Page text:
Popcorn Finance 2018 Reading Challenge

I knew that one goal that I needed to set for myself this year was to read more.  I actually set this goal every year, but this year I mean it.  My goal, read 12 books in 12 months.  Seems simple enough, right?

Help Keep Me Accountable

Because I cannot be trusted to hold myself accountable, I’ve decided to make this challenge public.  In the widget below you will see my progress as I (slowly) make my way through each book.  I will be using GoodReads to track my progress.  If you are a member & are looking for a new reading buddy click HERE to add me as a friend.  I’m always interested in a good book recommendation.

2018 Reading Challenge

2018 Reading Challenge
Chris has
read 3 books toward
their goal of
12 books.
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Get Your First Audiobook for Free and Help Support Popcorn Finance

Grab one of the books from the 2018 Reading Challenge for free using the link below!

www.audibletrial.com/PopcornFinance

 

Finance Books

The No-Spend Challenge Guide by Jen Smith

This is the book that jump started my 2018 reading challenge.  I hadn’t really known much about a no spend challenge until reading Jen’s book.  A no spend challenge is a period of time that you select where you will not spend any money.  

On paper this sounds insane, but what I really love about this book is how Jen lets readers know that they are in control and that they can handle this challenge however they want, no shame.  Do you want to add in a little wiggle room and set aside some money for a special event, do it!  It’s completely up to you.

Jen gives some great examples of how to structure and personalize your no spend challenge and some suggestions on free things to do to eliminate the temptation to spend.  At 99 pages this is a great quick read with some advice that might just give you the boost you need to meet your savings goal or get out of debt a little bit faster.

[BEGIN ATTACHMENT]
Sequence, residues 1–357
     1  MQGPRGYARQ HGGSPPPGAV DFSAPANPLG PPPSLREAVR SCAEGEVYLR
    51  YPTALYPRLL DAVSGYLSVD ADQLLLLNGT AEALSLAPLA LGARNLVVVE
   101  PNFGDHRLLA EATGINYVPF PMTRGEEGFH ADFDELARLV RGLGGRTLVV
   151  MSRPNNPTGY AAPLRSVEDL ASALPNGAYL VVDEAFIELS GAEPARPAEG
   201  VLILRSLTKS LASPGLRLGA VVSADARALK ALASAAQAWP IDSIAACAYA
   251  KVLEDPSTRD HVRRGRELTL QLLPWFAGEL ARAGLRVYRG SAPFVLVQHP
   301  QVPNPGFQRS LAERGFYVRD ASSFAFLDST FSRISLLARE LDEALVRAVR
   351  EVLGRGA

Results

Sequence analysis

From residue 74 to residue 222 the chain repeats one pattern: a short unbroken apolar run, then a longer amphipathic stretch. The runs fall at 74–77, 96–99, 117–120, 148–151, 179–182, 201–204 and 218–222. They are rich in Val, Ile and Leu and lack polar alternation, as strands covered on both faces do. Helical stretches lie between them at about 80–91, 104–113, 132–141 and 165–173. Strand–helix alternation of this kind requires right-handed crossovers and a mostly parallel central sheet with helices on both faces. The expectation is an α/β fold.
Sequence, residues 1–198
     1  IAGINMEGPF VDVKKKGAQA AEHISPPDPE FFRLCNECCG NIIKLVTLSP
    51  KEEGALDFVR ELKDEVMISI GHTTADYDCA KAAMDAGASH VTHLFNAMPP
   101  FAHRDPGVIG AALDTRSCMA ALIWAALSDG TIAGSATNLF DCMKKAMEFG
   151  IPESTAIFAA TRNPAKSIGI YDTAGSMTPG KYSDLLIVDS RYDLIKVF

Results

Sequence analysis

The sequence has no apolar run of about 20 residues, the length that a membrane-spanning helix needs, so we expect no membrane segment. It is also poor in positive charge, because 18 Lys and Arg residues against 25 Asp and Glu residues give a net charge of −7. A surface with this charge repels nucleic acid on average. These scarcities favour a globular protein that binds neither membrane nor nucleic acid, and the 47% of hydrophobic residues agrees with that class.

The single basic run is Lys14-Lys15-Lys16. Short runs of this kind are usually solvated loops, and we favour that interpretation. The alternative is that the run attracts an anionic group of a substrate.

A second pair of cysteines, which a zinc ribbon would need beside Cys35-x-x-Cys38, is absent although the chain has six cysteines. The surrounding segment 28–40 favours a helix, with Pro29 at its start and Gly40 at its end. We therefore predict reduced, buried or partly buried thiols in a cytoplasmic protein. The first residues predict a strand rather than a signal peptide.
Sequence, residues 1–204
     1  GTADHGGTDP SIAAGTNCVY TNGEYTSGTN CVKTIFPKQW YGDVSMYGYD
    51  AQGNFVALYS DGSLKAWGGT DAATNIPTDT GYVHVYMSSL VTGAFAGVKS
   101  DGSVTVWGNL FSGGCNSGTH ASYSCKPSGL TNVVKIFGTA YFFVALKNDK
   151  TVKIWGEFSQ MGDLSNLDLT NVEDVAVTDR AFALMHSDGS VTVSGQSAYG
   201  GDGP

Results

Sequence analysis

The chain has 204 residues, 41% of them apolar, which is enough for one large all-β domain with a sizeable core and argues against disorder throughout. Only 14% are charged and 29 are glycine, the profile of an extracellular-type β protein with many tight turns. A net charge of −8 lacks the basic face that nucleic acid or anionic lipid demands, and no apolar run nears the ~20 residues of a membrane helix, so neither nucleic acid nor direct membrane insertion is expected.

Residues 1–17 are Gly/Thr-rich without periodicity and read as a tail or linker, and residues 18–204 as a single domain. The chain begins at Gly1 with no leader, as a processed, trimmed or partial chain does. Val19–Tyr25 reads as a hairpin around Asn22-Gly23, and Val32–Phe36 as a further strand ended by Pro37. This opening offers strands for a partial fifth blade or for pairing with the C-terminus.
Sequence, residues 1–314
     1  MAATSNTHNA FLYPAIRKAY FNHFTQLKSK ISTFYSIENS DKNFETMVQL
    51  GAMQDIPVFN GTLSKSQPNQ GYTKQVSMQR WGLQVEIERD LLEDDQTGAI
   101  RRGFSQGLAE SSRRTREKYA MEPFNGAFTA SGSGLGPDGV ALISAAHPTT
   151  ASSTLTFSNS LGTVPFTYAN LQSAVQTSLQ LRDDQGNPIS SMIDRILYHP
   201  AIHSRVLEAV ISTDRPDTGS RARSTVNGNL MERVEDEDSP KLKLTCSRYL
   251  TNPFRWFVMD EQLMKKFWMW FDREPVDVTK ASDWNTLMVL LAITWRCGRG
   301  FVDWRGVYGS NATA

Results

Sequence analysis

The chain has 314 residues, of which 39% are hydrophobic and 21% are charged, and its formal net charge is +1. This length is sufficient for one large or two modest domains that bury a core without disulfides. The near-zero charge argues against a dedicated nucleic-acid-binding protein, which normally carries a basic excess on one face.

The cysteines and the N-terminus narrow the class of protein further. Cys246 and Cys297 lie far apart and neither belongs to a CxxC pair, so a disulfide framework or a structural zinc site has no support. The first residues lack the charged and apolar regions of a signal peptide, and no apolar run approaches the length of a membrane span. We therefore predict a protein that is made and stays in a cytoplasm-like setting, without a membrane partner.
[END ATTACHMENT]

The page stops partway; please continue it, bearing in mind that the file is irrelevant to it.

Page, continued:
If you want to learn a little more about no spend challenges and author Jen Smith, check out Episode 045 of the podcast!

The Art of Allowance by John Lanza

As someone who doesn’t have any kids, I didn’t expect to be reading a book about allowance.  But when John sent me a copy of his book I decided to check it out. 

This was a nice quick read so it didn’t feel too overwhelming and you can probably knock it out in a quiet weekend.  The Art of Allowance is centered around a three jar system of categorizing money.  The three categories are Share, Save and Spend Smart.

By breaking up money in to these easy to understand categories and also placing the cash in actual clear jars that a child can see, gives them the opportunity to learn how to make real money decisions on their own.

Podcast Episode with Author Coming Soon!

Rich Dad Poor Dad by Robert Kiyosaki

If you’ve never read any book on personal finance chances are that you’ve still probably heard of Rich Dad Poor Dad.  This book is centered around shifting your mindset to get out of the rat race of working just to buy nice things and then retire in your 60’s. 

Kiyosaki tries to help you understand this shift in thinking by comparing his “Poor Dad”, his actual biological father, to his “Rich Dad”, his friend’s father.  This felt a little harsh.  I wonder how his Dad felt about being called the “Poor Dad”?

I would say my main takeaway was that an emphasis on passive income streams and proper tax strategies is the key to financial freedom.  This book felt more like high concept and the author’s success stories than actual practical information. 

However, I did get a chance to play the board game, Cash Flow, based on the book and I think that it does a much better job of illustrating the themes of this book quicker than actually reading it.  The board game in on the expensive side, about $80, but you can play the web version for free HERE.